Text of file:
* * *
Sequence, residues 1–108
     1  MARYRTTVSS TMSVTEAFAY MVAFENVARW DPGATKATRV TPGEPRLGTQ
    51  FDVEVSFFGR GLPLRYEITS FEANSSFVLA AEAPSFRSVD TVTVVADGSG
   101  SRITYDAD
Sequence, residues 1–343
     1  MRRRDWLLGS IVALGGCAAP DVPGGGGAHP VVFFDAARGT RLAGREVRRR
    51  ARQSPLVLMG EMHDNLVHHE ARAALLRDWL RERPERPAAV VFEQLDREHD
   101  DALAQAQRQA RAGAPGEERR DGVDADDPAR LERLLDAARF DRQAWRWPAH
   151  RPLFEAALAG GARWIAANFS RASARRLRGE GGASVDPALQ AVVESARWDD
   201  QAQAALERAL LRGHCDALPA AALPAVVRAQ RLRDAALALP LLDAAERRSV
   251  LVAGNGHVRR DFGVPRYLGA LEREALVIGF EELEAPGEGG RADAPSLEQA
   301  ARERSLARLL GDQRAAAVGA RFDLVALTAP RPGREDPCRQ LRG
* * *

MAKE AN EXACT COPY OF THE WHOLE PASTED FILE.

Sequence, residues 1–108
     1  MARYRTTVSS TMSVTEAFAY MVAFENVARW DPGATKATRV TPGEPRLGTQ
    51  FDVEVSFFGR GLPLRYEITS FEANSSFVLA AEAPSFRSVD TVTVVADGSG
   101  SRITYDAD
Sequence, residues 1–343
     1  MRRRDWLLGS IVALGGCAAP DVPGGGGAHP VVFFDAARGT RLAGREVRRR
    51  ARQSPLVLMG EMHDNLVHHE ARAALLRDWL RERPERPAAV VFEQLDREHD
   101  DALAQAQRQA RAGAPGEERR DGVDADDPAR LERLLDAARF DRQAWRWPAH
   151  RPLFEAALAG GARWIAANFS RASARRLRGE GGASVDPALQ AVVESARWDD
   201  QAQAALERAL LRGHCDALPA AALPAVVRAQ RLRDAALALP LLDAAERRSV
   251  LVAGNGHVRR DFGVPRYLGA LEREALVIGF EELEAPGEGG RADAPSLEQA
   301  ARERSLARLL GDQRAAAVGA RFDLVALTAP RPGREDPCRQ LRG